Then I changed into fetish wear in the car on the street in Echo Park and went to the Tom of Finland House.

TOF house photo by Adrian Scott Fine/L.A. Conservancy

TOF house photo by Adrian Scott Fine/L.A. Conservancy

My eyes were swollen from crying, and it was really hard to put my false eyelashes on, but I had been invited to the Foundation’s Holiday party and I wasn’t going to miss it. I came up the walk to the beautiful Craftsman house (now a Los Angeles Historic Cultural Monument site), and friendly leather folx waved at me from the porch.

The house was glowing with light in the winter dusk; I went in the open door and found myself in history, hope and family. The kitchen was full of potluck dishes; there were clusters of people laughing in every room, and everyone welcomed me.

I wandered the house, looking at the art on the warm walls, thinking about the queer lives and stories the house holds. An adorable twink sprawled on the bed in the Artist’s Residency room. Someone offered me a tour and I was lovingly led to see Tom’s studio and the spooky, kinky basement. I felt as if i were pregnant with pain, every cell in my body was poisoned with pain and loss, but I knew my work mattered and that it mattered in the context and embrace of this living museum.

The community was like a beating heart, and I was just one random corpuscle, safe in its pulse. I knew people cared about me and about art and that I was going to survive this terrible day and keep making sexy queer art. Just as the house had survived the AIDS crisis, just as queer life has survived and blossomed in the 21st Century, I was going to keep working.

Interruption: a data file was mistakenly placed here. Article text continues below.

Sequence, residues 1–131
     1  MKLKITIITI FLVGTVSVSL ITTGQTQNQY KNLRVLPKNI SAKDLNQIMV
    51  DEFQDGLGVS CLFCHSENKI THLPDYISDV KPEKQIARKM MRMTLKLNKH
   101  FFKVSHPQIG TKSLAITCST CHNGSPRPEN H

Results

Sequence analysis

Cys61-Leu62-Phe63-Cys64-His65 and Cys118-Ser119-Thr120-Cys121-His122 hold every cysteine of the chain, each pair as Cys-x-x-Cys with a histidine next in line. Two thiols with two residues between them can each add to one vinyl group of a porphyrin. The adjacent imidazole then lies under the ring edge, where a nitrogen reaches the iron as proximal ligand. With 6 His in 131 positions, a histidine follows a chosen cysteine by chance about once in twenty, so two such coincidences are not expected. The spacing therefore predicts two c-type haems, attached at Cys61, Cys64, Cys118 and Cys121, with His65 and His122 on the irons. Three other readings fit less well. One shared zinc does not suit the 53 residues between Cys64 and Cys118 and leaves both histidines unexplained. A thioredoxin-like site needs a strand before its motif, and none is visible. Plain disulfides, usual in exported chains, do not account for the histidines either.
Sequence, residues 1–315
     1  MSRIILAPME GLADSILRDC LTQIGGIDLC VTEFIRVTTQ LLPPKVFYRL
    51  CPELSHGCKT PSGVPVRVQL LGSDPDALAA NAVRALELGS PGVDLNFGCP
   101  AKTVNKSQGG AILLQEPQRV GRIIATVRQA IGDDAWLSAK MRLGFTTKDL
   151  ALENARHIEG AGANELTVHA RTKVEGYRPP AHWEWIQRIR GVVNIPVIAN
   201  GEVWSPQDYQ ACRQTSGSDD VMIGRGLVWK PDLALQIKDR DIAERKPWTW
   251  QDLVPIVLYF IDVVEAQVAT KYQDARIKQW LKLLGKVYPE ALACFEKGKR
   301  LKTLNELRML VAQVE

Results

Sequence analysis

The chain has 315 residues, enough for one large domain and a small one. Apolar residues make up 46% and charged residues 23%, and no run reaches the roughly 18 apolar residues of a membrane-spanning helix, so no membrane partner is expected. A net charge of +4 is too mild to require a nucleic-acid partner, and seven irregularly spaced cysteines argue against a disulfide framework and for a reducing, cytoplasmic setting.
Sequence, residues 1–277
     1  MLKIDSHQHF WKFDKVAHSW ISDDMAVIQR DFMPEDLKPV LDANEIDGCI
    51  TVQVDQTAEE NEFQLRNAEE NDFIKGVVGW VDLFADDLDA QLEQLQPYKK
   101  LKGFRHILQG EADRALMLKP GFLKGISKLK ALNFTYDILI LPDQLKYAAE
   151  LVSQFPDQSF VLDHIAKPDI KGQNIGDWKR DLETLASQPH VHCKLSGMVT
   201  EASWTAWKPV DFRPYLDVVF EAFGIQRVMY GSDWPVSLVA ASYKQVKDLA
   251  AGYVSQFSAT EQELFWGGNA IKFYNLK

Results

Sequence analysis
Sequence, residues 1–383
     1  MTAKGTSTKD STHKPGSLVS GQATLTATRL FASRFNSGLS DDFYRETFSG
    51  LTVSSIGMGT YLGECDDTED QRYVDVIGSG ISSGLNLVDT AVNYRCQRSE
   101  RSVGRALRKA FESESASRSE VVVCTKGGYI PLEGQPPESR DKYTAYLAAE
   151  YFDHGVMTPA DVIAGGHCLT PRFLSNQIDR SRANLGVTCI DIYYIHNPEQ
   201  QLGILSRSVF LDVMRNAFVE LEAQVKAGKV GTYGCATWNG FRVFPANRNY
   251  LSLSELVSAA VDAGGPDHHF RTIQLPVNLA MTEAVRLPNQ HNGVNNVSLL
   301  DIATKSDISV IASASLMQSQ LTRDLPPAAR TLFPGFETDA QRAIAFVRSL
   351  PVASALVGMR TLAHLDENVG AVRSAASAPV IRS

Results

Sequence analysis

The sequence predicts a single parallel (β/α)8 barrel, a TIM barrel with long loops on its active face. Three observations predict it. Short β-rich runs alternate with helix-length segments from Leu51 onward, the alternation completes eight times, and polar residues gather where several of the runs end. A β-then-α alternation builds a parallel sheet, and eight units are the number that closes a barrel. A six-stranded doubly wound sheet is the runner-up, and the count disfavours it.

Thirteen years later Durk hugged me in the heart of Gay West Berlin, and he is still strong and vital and working his ass off for art, and so am I.

visitors at the Ballery by Suzanne Forbes Aug 17 2018An absolute must-see of exuberant gay love and gay lust, the “My Gay Eye – Homage to Tom of Finland” exhibit is up at The Ballery through mid-September. If you go on a Tuesday evening you can enjoy cocktails on the street and Otto playing the grand piano like the folx in the picture above!

You can buy the special Tom of Finland edition of the queer art anthology “Meine Schwules Auge”  in the TOM store here or in Germany here.  It’s in both German and English!

The Tom of Finland Foundation protects, preserves and promotes erotic art.